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Just Do it! (That’s What She Said)


photo1Once you have three to five minutes of stand-up comedy material (aka jokes) to perform – get up on stage and try out your stuff! Start going to open mics. Most open mics have a five minute time limit. Some open mics are free, some you have to pay for. I officially started going to open mics in July of 2012. I went constantly. Most open mics can be rough because you are performing in front of an audience full of comics. Sometimes these comics pay attention, and sometimes they are looking at their notes and thinking about their own sets. Sometimes they are just staring at you and wondering if you are wearing underwear. I personally think that these kinds of open mics are not really a great way to find out if your jokes are funny. They can be good for other reasons such as meeting fellow comics, practicing saying your set out loud without looking at your notes, and, occasionally…happy hour drink specials. But even though I don’t LOVE these open mics, I’m so thankful that I went to so many before my first show.

Not all open mics allow you to video your performance, but I’ve always been able to make an audio recording. If you have an iPhone you can just turn on the Voice Memo app and set your phone on the stool on stage. MAKE SURE TO RECORD YOUR SETS! It is so helpful to have that recording when you are fine tuning your set the next day.

There are several open mics happening every night in Los Angeles! I log in to two websites on a regular basis to find out which ones are happening each night: and One of my favorite open mics is a free one run called Mouthy Pants by Kym Kral and Whitney Melton at The Other Door on Tuesday nights at 8pm in North Hollywood. The crowd is super supportive and they have a DJ. Not many open mics have music for you, and once you get used to being introduced with music…you really miss it when it’s not there.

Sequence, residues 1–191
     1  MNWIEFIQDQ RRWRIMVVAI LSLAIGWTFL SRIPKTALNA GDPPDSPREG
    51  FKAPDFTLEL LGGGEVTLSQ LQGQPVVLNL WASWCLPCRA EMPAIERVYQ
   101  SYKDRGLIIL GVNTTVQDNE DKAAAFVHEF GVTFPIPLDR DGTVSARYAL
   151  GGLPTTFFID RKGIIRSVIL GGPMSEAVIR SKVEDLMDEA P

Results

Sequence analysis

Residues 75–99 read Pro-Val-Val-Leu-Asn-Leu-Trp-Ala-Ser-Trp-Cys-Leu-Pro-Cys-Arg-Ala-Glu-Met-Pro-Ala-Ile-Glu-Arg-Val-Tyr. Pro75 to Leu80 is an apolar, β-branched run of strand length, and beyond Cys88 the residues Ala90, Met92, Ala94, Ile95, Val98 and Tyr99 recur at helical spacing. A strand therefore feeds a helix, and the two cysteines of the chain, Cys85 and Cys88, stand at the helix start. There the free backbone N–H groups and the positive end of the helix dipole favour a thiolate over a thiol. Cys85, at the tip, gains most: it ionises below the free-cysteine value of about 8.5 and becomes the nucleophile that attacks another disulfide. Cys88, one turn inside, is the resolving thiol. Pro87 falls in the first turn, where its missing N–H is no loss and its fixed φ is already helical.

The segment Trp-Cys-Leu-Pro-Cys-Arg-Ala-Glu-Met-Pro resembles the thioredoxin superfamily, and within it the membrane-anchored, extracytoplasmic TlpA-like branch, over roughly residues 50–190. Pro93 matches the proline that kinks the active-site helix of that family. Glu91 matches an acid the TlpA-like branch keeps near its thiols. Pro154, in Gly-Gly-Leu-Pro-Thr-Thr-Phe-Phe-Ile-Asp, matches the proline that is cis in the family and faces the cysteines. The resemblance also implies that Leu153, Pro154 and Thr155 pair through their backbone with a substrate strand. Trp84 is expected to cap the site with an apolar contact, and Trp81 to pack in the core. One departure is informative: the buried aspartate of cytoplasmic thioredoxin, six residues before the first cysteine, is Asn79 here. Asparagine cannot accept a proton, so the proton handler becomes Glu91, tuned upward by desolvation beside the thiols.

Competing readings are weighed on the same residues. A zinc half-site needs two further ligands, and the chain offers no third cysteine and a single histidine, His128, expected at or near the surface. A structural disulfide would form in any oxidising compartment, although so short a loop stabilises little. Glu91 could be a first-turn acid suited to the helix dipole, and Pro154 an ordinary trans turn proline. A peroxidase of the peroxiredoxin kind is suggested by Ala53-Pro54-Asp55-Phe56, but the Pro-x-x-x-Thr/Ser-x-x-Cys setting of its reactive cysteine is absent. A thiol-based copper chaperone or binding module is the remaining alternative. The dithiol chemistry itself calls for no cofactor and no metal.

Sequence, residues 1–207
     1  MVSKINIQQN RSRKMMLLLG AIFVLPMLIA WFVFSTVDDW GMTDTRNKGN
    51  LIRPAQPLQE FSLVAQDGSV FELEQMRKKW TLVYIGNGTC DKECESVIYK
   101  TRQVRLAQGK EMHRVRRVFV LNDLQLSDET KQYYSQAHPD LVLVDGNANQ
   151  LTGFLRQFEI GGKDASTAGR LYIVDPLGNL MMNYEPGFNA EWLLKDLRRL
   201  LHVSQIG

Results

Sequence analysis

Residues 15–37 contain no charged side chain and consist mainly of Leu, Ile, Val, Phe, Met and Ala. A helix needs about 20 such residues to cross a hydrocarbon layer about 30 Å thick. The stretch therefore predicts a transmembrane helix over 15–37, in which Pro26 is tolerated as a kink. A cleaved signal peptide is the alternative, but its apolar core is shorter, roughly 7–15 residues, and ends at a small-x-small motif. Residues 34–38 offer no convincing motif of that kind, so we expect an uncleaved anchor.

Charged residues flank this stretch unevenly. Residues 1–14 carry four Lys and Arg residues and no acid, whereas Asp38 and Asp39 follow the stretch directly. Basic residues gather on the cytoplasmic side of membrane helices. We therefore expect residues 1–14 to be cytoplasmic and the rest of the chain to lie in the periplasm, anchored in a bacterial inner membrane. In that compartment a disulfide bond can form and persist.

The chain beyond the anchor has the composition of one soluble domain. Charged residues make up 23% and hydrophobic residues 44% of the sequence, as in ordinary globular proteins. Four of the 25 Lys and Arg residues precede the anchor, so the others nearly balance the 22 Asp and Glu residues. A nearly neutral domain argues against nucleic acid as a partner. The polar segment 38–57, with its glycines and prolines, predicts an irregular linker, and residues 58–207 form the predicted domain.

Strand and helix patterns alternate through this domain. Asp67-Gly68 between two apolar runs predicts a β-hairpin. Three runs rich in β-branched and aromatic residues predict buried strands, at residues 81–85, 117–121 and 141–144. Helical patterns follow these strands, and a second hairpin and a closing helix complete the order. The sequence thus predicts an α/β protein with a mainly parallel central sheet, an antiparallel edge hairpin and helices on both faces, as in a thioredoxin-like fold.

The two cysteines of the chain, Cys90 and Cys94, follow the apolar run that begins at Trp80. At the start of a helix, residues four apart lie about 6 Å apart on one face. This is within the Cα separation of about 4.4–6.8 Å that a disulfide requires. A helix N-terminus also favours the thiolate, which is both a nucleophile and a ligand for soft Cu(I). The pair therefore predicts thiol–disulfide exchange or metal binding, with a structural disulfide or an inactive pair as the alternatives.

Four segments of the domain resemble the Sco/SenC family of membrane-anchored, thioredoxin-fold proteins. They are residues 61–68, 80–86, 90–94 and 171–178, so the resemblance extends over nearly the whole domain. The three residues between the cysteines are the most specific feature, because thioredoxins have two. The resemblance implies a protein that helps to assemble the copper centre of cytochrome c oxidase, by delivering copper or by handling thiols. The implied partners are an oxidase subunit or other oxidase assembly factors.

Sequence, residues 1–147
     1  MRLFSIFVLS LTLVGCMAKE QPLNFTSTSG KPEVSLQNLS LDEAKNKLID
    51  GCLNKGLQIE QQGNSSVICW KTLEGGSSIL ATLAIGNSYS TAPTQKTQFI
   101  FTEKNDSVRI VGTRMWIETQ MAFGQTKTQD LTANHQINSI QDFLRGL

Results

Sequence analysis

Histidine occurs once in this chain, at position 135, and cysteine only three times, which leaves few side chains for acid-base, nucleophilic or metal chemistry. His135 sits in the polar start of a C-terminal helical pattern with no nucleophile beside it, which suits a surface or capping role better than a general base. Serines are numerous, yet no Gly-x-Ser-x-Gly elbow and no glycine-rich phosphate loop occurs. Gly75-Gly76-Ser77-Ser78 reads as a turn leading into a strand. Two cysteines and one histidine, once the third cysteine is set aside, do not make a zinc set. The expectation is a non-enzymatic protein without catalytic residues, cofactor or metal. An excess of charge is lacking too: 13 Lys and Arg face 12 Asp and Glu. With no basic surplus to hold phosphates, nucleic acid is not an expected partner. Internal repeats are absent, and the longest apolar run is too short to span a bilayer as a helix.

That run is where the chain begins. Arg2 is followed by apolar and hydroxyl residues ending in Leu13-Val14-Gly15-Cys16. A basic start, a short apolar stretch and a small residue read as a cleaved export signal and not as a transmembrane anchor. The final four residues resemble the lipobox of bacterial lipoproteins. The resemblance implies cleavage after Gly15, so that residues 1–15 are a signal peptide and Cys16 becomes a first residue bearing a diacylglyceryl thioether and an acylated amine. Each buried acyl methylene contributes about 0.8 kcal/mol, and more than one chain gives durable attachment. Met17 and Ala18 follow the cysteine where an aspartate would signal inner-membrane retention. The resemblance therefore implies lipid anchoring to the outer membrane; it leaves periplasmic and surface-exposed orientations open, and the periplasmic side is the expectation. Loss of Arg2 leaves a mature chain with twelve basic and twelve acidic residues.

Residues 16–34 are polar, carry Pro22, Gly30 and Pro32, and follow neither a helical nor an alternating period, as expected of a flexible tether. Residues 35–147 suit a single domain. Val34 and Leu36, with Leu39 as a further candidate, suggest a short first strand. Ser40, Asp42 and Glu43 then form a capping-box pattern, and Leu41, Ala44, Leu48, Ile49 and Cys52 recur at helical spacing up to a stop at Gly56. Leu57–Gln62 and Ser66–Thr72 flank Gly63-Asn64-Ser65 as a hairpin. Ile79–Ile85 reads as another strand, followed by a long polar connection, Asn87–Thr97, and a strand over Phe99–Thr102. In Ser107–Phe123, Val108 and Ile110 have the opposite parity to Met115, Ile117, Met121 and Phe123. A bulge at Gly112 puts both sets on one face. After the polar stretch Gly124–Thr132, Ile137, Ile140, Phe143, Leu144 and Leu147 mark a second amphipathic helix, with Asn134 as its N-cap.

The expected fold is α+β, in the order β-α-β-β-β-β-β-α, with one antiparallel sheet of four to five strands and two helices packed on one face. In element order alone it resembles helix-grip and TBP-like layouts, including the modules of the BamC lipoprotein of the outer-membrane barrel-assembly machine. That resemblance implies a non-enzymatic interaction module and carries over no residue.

Speaking of “supportive audiences”… I encourage you to be a supportive audience member. Watch the other performers. Be an active listener. And if you think something is funny: LAUGH! I used to be more of a SMILER rather than a LAUGHER. Once I began frequenting open mics, however, I forced myself to learn how to laugh out loud. Your genuine laughter is a true gift to the person on stage and to the rest of the audience. Laughter is contagious!

I also do a lot of open mics at HaHa Cafe Comedy Club because they have them every night and you have an option of doing a 10 minute set ($5 for 5 minutes, $10 for 10 minutes). They also have a plan where you pay $100 for a month of unlimited 5 minute sets. But that deal really only makes sense if you go there 7 nights a week.

It’s kind of important to note that some clubs have “open mics” that are actually “auditions”. At these you go up and do a tight three minute set and the bookers for the club are in the audience. This is awesome and they happen weekly…but BEWARE! I’ve heard the same advice over and over regarding these “audition-open mics” – you never have a second chance to make a first impression, so save those for when you are really ready.

At the top of this post I said I started doing open mics this past July…that’s kind of a lie. I actually tried doing stand-up comedy ten years ago at an open mic in Chicago. And, as I left the stage my first time, a guy grabbed my arm and said: “you’re lucky you’re hot!” Ummm… Disgusting and thanks. It took me a decade to try it again. Don’t let that be you. Lots of people will try to give you advice. Take what you want and set the rest free.